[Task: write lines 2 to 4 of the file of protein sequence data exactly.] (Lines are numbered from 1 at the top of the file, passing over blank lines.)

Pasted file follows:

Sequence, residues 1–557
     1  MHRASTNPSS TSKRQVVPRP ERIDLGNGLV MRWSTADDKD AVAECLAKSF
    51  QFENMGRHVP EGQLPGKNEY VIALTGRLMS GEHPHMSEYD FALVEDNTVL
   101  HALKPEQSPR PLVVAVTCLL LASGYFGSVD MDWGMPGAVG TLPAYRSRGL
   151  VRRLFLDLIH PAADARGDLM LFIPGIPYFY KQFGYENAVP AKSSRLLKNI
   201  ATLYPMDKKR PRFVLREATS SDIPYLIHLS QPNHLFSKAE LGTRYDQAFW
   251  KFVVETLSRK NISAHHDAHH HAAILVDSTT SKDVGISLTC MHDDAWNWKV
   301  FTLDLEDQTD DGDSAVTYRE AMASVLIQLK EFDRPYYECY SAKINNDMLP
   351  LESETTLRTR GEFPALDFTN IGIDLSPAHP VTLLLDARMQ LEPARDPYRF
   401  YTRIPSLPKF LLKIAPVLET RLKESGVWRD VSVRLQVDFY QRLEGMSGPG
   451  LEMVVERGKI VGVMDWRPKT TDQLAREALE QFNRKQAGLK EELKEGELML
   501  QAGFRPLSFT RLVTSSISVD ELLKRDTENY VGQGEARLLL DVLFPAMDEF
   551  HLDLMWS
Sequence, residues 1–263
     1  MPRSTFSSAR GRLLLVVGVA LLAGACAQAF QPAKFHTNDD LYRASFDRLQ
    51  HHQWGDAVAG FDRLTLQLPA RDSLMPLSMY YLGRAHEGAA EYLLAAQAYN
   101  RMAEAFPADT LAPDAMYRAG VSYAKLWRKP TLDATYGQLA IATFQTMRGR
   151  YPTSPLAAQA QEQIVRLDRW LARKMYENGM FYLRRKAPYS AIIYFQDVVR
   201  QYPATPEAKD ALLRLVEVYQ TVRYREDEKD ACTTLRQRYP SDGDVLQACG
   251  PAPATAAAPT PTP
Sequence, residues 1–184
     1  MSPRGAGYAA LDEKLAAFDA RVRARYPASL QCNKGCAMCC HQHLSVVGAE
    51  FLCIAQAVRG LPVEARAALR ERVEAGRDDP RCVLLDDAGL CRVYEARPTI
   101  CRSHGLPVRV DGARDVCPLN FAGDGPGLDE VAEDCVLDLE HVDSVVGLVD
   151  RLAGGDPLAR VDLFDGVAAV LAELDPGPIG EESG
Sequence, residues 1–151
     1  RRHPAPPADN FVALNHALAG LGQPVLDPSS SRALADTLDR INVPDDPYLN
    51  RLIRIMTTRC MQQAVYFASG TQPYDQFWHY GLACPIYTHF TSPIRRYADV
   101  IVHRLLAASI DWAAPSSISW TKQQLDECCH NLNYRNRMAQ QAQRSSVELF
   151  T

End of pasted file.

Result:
     1  MHRASTNPSS TSKRQVVPRP ERIDLGNGLV MRWSTADDKD AVAECLAKSF
    51  QFENMGRHVP EGQLPGKNEY VIALTGRLMS GEHPHMSEYD FALVEDNTVL
   101  HALKPEQSPR PLVVAVTCLL LASGYFGSVD MDWGMPGAVG TLPAYRSRGL